Wednesday, December 23, 2009

The Ironic Christian's Companion

The Ironic Christian's Companion: Finding the Marks of God's Grace in the World
Patrick Henry (Riverhead Books, 1999)

"This book is about the grace of God, but not about magic, and certainly not about anything easy. It's about something simple, that God can be trusted but not taken for granted..."

Patrick Henry is a middle-aged straight white Christian religious scholar, the son and grandson of clergymen, but we ought not to hold any of that against him--he's still able to grasp the uncertainties and ironies of our walk in the world in a helpful way. He is not an elegant writer like Kathleen Norris, nor a scintillating story-teller like Annie Lamott, but he might well find a place near them on your devotional shelf.
In particular, Henry has overcome his background and training as a scholar: he has (by noticing that he needed to) recaptured the ability to experience the Bible as story, rather than as the object of hermeneutical autopsy. The Ironic Christian's Companion is full of stories, from God's challenging Moses with the faith of his father, to the early oeuvre of Dr. Seuss. Few of them are original or unique to Henry, but it matters not: this book is meant as a companion for the journey, and a commentary on some things we already knew but haven't noticed lately.
The other handicap that Henry has overcome is the temptation of certainty. "I have had to learn to listen to the God whose ways are not my ways, whose thoughts are not my thoughts", he says; (and later) "...but resistance to certainty has proved for me a solid ground of hope." Think how many of the things scholars have been certain of, that the scholars of other ages have found to be dead wrong. This is not a reason to believe nothing--there is plenty of fertile ground between a gullible (and perhaps impossible) certainty in pre-packaged truths, and the modern dogma of what-you-see-is-all-you-get.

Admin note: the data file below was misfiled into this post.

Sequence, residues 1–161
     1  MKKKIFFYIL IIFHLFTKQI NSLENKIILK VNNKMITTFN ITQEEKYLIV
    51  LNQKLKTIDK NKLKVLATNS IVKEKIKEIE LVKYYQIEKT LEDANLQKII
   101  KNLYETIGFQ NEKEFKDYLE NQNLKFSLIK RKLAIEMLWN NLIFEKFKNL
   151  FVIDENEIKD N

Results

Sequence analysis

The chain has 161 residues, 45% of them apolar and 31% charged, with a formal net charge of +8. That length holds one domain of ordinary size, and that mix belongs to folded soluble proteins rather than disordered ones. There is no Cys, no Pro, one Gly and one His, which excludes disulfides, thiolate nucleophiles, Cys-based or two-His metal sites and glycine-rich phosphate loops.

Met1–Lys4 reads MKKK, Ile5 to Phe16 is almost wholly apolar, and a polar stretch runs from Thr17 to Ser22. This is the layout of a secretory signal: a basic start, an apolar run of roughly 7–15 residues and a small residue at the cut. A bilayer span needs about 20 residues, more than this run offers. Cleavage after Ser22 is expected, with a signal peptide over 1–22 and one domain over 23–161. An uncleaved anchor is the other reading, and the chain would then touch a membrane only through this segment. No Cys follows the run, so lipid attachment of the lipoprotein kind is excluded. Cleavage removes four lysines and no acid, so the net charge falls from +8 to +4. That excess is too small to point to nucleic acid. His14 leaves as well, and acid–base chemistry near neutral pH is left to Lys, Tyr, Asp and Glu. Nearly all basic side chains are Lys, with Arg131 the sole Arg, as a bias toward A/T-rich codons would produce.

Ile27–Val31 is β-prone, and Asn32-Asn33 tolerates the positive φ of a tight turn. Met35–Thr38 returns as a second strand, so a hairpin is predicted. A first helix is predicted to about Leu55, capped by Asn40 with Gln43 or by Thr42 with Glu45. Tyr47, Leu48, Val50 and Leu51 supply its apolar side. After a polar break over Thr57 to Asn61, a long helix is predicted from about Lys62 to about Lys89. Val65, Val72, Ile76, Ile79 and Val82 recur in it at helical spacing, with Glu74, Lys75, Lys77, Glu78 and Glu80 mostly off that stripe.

That ground between is room for intelligent questioning, and for the kind of answers that widen the scope of the questions so that what seemed like opposing answers are dissolved in larger perspectives. Was Jesus human or divine? The answer is not one or the other; to say that He was both, utterly, enlarges the question to something like its proper magnitude as one of the central koans of Christianity.
I particularly appreciate Henry's notes on the life of the mind. If God loves the childlike, does He shun the thoughtful? Another koan. "I have at times experienced my mind as alien, as the nub of the contradiction between what I know and what I feel." But as Saint Augustine tells us, "we can truly know only what we love." It's not that knowledge is not valuable; especially by sharing it in community, we can often enlighten and encourage one another. It's just that any one seeker's knowledge is incomplete, and liable to error; and without love, it helps us not at all.
When we embody what we know in what we love, then our faith will give rise to acts of trust; love will give rise to generosity and gratitude; hope will give rise to prayer. All these things happen especially in communities of friendship, where we celebrate and share our various strengths and weaknesses, offering one another courage and a loving vision of hope.

June 2005

Friday, December 18, 2009

Slush Pile

I read quite a bit last month, but nothing that rose to the level of what I would normally commend to you. Here are some thumbnail sketches of the unsuccessful candidates.
This was fun to do, and somewhat enlightening; I think I'll make it a regular thing.

Life with Sudden Death: A tale of moral hazard and medical misadventure
Michael Downing (Counterpoint, 2009)